Creating the Declaration of Independence

Transcription: Page 4

Nor have we been wanting in attentions to our British Brethren. we have warned them from time to time of attempts by their legislature to extend an unwarrantable a jurisdiction over [these our states.] we have reminded them of the circumstances of our emigration & settlement here, [no one of which could warrant so strange a pretension: that these were effected at the expence of our own blood & treasure, unassisted by the wealth or the strength of Great Britain: that in constituting indeed our several forms of government, we had adopted one common king, thereby laying a foundation for perpetual league & amity with them: but that submission to their parliament was no part of our constitution, nor ever in idea if history may be credited: and] we have appealed to their native justice and magnanimity [as well as to] & we have conjured them on the ties of our common kindred to disavow these usurpations which would inevitably [were likely to] interrupt our connection & correspondence. they too have been deaf to the voice of justice & of consanguinity [& We must therefore when occasions have been given them, by the regular course of their laws, of removing from their councils the disturbers of our harmony, they have by their free election re-established them in power. at this very time too they are permitting their chief magistrate to send over not only soldiers of our common blood, but Scotch & foreign mercenaries to invade & destroy us [Dr. Franklin] deluge us in blood. these facts have given the last stab to agonizing affection, and manly spirit bids us to renounce forever these unfeeling brethren. we must endeavor to forget our former love for them, and to hold them, as we hold the rest of mankind, enemies in war, in peace, friends. we might have been a free & a great people together; but a communication of grandeur & of freedom it seems is below their dignity, be it so, since they will have it: the road to glory & happiness & to glory is open to us too we will must tread climb it in apart from them a separately state, and] acquiesce in the necessity which pro denounces our everlasting Adieu! [eternal] separation!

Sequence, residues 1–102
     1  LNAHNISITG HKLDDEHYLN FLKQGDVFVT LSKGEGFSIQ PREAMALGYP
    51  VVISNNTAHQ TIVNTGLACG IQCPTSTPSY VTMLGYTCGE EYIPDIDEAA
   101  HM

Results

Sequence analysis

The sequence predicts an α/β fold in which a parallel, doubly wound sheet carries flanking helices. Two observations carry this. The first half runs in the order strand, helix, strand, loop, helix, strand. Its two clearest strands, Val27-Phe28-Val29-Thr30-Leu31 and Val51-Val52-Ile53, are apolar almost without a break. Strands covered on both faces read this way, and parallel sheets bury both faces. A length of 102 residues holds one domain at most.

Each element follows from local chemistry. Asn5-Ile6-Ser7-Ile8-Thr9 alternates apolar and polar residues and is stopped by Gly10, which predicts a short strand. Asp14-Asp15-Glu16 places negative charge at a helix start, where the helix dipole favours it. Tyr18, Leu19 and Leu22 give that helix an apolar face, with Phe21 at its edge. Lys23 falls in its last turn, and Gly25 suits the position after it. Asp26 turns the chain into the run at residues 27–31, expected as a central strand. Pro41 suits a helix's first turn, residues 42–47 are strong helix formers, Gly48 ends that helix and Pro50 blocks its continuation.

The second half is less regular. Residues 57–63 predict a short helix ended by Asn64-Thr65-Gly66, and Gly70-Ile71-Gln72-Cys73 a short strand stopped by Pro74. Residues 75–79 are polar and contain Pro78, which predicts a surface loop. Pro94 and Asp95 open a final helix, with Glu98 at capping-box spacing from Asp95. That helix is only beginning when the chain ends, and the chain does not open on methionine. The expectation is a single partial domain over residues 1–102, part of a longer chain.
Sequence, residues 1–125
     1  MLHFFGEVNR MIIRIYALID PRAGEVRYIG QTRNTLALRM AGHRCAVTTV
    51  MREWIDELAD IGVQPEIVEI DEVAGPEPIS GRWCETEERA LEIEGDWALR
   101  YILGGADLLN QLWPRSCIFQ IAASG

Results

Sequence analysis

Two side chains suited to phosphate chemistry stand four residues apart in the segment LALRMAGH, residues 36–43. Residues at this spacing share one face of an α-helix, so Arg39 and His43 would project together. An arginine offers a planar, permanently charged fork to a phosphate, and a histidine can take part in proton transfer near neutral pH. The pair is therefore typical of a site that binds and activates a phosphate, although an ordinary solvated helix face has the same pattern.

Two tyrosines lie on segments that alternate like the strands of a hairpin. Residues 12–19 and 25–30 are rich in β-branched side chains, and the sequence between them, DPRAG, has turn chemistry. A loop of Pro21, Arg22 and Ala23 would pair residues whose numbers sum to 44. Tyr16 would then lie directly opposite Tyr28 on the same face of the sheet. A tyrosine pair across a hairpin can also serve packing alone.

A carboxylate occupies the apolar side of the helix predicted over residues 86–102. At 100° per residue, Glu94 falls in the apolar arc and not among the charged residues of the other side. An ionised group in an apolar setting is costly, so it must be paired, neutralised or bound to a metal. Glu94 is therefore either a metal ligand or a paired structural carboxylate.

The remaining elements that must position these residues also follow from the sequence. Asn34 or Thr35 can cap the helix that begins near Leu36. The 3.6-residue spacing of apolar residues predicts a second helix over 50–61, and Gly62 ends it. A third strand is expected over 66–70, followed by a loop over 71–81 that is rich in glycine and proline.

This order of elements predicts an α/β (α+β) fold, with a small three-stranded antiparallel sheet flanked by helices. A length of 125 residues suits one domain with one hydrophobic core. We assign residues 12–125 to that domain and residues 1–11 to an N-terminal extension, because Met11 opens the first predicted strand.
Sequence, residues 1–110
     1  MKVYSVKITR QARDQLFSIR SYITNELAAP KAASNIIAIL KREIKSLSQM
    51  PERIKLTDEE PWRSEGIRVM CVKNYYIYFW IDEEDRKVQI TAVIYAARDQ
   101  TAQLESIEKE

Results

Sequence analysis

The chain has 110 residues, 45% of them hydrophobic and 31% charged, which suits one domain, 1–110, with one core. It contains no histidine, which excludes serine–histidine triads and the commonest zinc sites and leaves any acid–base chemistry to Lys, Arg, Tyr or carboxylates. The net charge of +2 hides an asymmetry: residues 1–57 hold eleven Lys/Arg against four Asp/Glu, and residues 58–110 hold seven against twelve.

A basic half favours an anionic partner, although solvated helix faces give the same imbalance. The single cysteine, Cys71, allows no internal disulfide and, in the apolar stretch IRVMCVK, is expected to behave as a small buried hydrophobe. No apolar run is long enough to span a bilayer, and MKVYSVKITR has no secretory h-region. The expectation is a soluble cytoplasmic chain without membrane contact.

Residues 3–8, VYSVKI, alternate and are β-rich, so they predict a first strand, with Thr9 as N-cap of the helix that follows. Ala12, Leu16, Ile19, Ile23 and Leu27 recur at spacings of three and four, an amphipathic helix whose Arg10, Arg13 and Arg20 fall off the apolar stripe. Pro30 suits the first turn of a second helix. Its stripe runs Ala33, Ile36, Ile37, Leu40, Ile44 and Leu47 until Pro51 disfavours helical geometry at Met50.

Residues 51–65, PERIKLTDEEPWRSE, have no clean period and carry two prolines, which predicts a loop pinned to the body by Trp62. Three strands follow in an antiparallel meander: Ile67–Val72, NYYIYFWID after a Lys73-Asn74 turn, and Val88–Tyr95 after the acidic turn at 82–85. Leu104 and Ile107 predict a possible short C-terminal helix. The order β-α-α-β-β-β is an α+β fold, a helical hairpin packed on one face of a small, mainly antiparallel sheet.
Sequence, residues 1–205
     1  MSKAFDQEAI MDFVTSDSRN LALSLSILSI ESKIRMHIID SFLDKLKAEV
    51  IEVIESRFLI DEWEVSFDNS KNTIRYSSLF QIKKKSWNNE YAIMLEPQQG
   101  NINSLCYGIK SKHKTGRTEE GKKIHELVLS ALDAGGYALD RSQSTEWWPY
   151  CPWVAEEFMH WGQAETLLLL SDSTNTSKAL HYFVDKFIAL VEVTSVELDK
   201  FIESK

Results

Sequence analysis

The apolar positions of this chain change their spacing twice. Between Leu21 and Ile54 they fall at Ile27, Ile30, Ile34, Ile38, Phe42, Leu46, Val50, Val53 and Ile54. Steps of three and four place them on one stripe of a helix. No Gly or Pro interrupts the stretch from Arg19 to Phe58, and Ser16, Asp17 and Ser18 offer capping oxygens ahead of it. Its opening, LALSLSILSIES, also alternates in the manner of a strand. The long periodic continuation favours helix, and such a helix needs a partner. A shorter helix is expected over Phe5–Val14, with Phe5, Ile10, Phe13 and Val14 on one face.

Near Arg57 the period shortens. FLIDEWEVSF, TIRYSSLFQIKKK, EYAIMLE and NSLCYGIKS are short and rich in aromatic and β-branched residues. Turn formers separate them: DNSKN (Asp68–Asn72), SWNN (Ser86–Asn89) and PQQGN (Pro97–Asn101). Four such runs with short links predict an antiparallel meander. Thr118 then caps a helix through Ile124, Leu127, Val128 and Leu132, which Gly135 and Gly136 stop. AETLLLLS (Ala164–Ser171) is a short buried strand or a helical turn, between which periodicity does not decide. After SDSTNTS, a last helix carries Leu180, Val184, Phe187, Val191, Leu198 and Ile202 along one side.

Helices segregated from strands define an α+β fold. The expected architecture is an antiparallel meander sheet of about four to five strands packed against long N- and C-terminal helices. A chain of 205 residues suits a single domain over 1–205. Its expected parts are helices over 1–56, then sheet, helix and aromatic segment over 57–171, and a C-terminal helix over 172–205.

We therefore the representatives of the United States of America in General Congress assembled appealing to the supreme judge of the world for the rectitude of our intentions do, in the name & by the authority of the good people of these [states,] colonies [or different phraseology inserted] reject and renounce all allegiance & subjection to the kings of Great Britain & all others who may hereafter claim, by, through, or under them; we utterly dissolve & break off all political connection which may have heretofore have subsisted between us & the people or parliament of Great Britain; and finally we do assert and declare these colonies to be free and independent states, and that as free & independent states they shall hereafter have full power to levy war, conclude peace, contract alliances, establish commerce, & do all other acts and things which independent states may of right do. And for the support of this declaration] we mutually pledge to each other our lives, our fortunes, & our sacred honor.

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